Expats moving to Busan usually have many questions, often about what to expect from expat life. Here are answers to some of the most frequently asked questions about living in Busan.
How bad is the pollution in Busan?
Like many Asian cities, Busan has its fair share of pollution, but expats will find that it isn’t as bad as it is in Seoul. It's very common to see South Koreans wearing face masks to protect themselves from pollution or illnesses. The only time it's strongly advised to wear a mask in Busan is during the Yellow Dust season, which is generally their spring. Yellow dust originates in China and contains a number of industrial pollutants as well as fine soil particles.
Is public transport available 24 hours a day?
Though Busan is known for its excellent public transport, the subway and most bus routes don’t run past midnight. That said, there are late-night buses, but it's recommended for expats to research which routes the buses drive at night as they may need a taxi to get to their destination. Metered taxis are always available and many of the drivers understand some English. They are cheap for short trips but can be expensive over a longer distance. Expats can hail a taxi from the street or order one on the cellphone app Kakao Taxi.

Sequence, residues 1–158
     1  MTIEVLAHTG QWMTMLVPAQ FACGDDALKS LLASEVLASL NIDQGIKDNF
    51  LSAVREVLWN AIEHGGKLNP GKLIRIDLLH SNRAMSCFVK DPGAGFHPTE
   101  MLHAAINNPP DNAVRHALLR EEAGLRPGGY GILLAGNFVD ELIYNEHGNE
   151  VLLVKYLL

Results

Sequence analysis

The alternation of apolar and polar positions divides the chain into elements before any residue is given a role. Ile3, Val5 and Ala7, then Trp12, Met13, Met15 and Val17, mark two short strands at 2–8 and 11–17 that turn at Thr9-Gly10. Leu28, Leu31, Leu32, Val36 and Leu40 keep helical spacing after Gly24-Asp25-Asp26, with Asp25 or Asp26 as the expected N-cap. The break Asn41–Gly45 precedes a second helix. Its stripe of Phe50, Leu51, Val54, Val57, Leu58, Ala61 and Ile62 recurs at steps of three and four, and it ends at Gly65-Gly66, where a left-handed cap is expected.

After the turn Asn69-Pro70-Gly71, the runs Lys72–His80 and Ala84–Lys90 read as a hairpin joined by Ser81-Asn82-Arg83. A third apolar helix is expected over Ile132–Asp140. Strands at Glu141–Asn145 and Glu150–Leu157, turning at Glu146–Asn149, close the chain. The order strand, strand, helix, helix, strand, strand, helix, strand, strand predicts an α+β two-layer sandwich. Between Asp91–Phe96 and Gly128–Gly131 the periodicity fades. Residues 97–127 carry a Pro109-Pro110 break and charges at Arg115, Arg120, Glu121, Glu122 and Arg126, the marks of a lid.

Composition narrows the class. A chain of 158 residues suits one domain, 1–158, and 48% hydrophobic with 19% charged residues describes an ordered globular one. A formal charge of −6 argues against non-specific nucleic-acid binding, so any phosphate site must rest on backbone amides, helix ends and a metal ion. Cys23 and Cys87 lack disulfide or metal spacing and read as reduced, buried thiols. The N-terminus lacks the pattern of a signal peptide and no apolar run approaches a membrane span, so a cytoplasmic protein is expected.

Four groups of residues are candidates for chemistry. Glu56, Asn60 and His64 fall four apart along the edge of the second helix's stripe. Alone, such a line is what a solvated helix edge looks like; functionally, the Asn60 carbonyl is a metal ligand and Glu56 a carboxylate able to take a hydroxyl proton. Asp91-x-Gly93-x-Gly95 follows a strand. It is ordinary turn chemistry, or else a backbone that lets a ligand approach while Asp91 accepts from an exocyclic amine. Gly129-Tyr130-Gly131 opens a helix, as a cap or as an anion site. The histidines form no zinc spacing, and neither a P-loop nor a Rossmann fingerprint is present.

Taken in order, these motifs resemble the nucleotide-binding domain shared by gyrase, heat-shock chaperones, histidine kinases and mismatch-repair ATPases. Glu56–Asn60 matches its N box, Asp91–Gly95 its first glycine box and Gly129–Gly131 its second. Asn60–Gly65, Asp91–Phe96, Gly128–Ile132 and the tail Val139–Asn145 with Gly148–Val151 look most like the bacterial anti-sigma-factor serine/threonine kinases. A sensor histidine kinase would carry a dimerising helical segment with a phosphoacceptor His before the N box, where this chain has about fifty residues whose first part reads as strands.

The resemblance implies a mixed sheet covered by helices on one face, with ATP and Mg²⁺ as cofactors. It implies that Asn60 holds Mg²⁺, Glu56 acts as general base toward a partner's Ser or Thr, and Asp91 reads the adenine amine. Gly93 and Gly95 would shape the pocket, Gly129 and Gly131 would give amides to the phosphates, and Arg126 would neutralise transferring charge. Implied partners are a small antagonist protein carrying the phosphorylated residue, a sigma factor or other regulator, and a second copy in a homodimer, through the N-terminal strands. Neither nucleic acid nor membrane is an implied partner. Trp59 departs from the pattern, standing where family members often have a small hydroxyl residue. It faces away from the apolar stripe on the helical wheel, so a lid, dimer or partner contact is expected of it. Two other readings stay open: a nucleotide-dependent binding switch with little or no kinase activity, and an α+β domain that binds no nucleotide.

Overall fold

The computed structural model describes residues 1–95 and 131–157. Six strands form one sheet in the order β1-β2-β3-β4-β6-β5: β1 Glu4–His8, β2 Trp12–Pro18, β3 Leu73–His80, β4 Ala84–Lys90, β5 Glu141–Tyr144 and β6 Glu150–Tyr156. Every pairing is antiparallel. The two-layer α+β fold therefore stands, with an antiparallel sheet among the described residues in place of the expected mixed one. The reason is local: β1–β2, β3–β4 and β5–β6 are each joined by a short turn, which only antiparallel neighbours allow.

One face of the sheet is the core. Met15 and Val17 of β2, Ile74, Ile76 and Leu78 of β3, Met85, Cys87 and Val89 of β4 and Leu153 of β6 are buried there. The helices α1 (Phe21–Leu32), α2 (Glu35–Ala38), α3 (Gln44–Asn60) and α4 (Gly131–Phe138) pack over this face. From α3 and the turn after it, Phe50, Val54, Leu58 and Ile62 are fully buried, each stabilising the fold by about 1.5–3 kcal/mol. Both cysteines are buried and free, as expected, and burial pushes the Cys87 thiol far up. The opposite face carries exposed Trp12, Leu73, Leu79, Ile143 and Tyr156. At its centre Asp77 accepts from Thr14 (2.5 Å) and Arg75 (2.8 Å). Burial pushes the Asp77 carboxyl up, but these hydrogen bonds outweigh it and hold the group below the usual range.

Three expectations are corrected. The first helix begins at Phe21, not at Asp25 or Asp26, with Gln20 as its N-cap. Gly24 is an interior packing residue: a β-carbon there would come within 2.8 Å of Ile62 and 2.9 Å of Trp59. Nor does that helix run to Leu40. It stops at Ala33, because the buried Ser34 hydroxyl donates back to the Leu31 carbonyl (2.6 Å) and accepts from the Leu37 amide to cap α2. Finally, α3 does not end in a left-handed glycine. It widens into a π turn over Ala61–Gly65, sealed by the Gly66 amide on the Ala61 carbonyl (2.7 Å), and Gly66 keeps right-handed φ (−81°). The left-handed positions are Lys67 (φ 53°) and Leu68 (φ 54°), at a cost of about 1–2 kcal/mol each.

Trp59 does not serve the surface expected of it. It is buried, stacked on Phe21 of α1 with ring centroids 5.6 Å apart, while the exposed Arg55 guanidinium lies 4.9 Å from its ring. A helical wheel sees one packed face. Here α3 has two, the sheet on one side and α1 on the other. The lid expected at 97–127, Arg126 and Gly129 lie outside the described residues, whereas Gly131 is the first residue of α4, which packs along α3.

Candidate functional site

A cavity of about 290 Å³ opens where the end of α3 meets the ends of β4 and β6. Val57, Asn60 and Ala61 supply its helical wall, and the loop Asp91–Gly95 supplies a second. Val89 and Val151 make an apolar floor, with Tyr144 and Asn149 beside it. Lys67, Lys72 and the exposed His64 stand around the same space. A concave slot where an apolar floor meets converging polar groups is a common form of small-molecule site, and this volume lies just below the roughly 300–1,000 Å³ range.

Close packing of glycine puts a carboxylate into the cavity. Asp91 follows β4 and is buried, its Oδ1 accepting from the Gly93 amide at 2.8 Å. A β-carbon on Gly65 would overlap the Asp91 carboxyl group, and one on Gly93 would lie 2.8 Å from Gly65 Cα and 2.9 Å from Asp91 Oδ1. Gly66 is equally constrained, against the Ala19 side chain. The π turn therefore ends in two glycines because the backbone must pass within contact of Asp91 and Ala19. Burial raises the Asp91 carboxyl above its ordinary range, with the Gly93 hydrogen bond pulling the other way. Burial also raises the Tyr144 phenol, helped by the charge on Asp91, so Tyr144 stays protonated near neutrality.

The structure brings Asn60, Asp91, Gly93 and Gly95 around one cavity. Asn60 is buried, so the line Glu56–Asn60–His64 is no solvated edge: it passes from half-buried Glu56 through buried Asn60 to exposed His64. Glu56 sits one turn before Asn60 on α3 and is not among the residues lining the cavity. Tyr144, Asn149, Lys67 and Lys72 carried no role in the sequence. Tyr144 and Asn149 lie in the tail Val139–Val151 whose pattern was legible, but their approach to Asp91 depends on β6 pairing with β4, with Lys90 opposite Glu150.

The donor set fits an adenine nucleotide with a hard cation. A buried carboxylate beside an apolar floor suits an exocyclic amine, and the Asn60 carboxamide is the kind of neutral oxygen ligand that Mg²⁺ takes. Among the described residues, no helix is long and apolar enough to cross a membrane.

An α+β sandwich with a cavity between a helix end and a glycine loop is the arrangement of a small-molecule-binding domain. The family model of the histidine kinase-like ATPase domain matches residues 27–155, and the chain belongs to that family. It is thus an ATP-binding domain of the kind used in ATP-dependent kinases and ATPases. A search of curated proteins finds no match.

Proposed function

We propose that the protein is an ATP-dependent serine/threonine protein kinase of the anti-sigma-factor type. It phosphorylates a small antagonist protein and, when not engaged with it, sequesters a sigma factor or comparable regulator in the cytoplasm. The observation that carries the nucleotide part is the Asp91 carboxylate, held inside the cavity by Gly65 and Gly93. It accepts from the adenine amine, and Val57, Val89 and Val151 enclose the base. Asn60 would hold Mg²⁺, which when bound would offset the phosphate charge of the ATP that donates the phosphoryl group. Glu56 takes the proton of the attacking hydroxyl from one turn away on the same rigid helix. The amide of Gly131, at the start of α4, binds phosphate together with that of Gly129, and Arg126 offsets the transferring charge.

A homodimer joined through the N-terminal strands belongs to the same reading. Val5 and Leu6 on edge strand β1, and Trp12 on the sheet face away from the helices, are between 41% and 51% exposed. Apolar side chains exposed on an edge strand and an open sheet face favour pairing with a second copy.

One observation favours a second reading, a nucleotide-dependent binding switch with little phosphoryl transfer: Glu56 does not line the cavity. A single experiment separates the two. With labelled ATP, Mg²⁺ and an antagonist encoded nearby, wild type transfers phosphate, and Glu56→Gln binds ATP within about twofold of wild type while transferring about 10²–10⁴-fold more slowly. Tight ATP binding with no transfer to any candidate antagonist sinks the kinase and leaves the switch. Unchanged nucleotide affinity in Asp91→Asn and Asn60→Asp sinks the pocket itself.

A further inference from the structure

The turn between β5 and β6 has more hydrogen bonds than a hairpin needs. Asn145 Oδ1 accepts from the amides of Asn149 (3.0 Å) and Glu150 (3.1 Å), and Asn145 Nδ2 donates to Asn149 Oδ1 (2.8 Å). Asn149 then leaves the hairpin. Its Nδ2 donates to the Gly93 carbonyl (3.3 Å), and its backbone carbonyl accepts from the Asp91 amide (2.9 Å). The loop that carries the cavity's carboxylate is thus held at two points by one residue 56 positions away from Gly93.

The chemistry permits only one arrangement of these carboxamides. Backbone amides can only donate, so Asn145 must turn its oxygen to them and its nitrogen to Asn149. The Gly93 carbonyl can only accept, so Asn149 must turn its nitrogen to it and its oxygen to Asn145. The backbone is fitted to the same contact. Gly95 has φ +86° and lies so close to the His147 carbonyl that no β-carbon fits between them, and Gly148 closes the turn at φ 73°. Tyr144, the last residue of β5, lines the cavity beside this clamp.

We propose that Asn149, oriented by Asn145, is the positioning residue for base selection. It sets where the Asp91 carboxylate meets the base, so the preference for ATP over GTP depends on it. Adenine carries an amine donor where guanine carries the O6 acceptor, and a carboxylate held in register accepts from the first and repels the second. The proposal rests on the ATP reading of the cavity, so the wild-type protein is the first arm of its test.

Is it easy to get out of Busan for a weekend?
South Korea has a very well developed railway and bus network. This makes it convenient and easy to travel to other cities. It's possible to get to Seoul in about three-and-a-half hours with the KTX high-speed train. Smaller towns are inexpensive to visit but may be harder to get to. Locals are usually willing to help foreigners who look lost.
What is Busan like for children?
With Busan being right by the beach, it’s a great city for children. There are many public parks scattered across the city with fun playground equipment. Korean culture is truly child-centred and locals often dote on Western kids. Therefore, Busan is a very child-friendly city and a safe and interesting place for children to grow up. There are also a number of international schools in the city for expat children to attend.
Where can I meet other expats?
Busan has quite a large expat community. Many foreigners hail from English-speaking countries like the UK, USA and South Africa. Most expats are very open to meeting new people and they therefore shouldn’t find it hard to make friends. The city has several “expat bars” where foreigners are known to get together over weekends. Many foreigner bars host other events such as weekend markets or quiz nights. There are also language-exchange groups that bring expats and locals together.
Will I be able to communicate with locals?
Unfortunately, it's true that life in South Korea goes hand-in-hand with a significant language barrier. That said, as Busan is the second-largest city in South Korea, the odds of finding locals who speak some English is higher than in rural towns. Expats will find that most locals, especially taxi drivers, do understand and speak some English, but it is still recommended to learn basic Korean, like greeting or directions, to make life easier.